Citizens of Israel today are commemorating the millions of Jews who perished in the Holocaust more than 70 years ago.
The sound of a siren in Israel on Thursday morning reminded citizens throughout the land that it is Yom HaShoah – Holocaust Remembrance Day – a national memorial day that was first observed in 1949, one year after Israel became a nation. It is a time to commemorate and to remember the six million Jews who perished in the Holocaust committed by Nazi Germany.
When the siren sounds, vehicles on the roads come to a standstill. Citizens take a moment to not only honor those who died, but those who survived. Survivors have told their stories of what happened at the hands of the Nazis during WWII. It's a legacy, so that "no one will forget" the brutal attempt by Adolf Hitler to annihilate the Jewish people.
But he did not succeed. Jews throughout the world join Israeli citizens who will soon be celebrating 70 years of Independence – a time of remembering Israel's birth as a modern nation in 1948. It is now home to more than six million Jews, the travel destination of a record 3.6 million tourists in 2017, and among the most technologically advanced economies in the world.
Holocaust? What's that?
Here's some startling news on this Holocaust Remembrance Day: according to a recent survey, Millennials are shockingly ignorant of the World War II genocide that cost six million Jews their lives. The survey, conducted by the Conference on Jewish Material Claims Against Germany, finds two-thirds of Millennials don't know what Auschwitz was – and 22 percent of them have never heard of the Holocaust.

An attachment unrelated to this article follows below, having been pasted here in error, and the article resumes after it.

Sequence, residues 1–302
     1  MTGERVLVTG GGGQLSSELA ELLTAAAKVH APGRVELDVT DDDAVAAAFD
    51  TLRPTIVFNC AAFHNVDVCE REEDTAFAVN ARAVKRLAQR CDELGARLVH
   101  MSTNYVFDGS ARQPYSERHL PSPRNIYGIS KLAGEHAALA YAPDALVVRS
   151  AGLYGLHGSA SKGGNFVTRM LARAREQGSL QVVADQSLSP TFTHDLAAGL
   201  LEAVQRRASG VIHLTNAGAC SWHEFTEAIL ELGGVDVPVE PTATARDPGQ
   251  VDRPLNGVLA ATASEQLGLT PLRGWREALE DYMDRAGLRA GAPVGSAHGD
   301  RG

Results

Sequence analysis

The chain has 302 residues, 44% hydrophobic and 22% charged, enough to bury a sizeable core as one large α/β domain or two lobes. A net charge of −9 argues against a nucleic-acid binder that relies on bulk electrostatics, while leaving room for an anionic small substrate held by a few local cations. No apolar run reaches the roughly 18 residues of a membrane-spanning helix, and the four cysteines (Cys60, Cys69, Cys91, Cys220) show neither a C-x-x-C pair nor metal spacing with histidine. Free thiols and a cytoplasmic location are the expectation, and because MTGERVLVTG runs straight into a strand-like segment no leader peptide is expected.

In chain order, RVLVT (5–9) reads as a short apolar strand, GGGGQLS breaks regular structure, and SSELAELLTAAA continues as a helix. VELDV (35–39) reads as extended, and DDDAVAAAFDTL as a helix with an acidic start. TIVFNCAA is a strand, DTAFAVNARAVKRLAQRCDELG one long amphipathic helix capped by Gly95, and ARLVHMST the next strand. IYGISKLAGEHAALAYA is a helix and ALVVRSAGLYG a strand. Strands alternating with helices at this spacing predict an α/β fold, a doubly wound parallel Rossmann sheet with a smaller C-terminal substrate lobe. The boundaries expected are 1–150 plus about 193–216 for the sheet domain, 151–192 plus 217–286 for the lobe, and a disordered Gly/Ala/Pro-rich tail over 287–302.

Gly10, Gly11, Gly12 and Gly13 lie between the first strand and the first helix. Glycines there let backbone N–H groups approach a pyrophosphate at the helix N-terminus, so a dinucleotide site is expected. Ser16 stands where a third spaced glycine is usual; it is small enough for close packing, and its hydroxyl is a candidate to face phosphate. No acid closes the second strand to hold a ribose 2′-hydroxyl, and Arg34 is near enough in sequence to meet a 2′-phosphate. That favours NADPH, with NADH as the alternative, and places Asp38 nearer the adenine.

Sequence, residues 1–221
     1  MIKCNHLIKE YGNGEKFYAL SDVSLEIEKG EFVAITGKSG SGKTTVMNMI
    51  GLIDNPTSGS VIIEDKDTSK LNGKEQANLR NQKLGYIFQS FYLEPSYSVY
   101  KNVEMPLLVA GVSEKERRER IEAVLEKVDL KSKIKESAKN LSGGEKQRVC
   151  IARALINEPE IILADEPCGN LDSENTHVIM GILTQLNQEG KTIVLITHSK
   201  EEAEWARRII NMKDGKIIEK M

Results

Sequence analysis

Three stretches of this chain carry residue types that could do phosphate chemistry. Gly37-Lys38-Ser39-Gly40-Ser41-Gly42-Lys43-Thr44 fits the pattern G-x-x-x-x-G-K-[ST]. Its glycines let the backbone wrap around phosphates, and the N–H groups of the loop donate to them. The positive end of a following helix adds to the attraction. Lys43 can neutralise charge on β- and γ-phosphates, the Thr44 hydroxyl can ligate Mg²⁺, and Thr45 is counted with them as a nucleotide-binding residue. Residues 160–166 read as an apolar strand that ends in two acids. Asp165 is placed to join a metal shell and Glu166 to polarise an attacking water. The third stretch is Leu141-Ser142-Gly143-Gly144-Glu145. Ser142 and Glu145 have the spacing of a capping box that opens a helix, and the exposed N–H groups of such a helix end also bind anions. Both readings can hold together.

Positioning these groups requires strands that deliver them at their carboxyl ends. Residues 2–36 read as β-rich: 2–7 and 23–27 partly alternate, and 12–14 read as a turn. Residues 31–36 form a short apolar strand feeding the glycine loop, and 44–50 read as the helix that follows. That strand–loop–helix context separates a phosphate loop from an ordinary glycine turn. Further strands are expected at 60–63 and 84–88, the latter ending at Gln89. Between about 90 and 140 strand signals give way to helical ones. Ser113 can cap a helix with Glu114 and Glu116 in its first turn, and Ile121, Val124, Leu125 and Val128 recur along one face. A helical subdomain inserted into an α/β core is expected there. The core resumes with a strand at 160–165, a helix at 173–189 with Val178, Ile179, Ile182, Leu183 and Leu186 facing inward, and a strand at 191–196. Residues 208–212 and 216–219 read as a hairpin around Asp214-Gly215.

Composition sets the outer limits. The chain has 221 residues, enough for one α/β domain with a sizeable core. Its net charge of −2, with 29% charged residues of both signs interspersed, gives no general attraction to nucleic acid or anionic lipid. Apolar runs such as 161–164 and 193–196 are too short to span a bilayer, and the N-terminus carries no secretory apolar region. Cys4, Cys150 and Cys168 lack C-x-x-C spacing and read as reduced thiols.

Baby Boomer Gary Bauer of American Values points to the classroom as one reason for the lack of education.
"Millennials and children generally in American schools – and unfortunately, also in many European schools – are being taught history, but it's historic revisionism," he laments. "In many cases, the things that really matter the most historically are just being erased from memory."
Bauer feels the same way about young Americans and the founding of their own nation. "They're clueless about who our Founders were [and] what they believed in," he adds.
American history aside, Bauer blames the lack of information on the Holocaust for the revival of anti-Semitism in the U.S. and Europe.
"There has been just in recent months in France a series of murders and assaults on people solely [and] simply because they were French Jews; and here in the United States, we see a growing anti-Semitism on the university campuses" he explains. "Ironically, at the same time, we see people on the far left labeling normal conservatism as being Nazism and Fascism."
OneNewsNow has reported on several American campuses where anti-Semitism has occurred – e.g., San Francisco State University, University of Minnesota, Portland Community College, University of Wisconsin, and several others.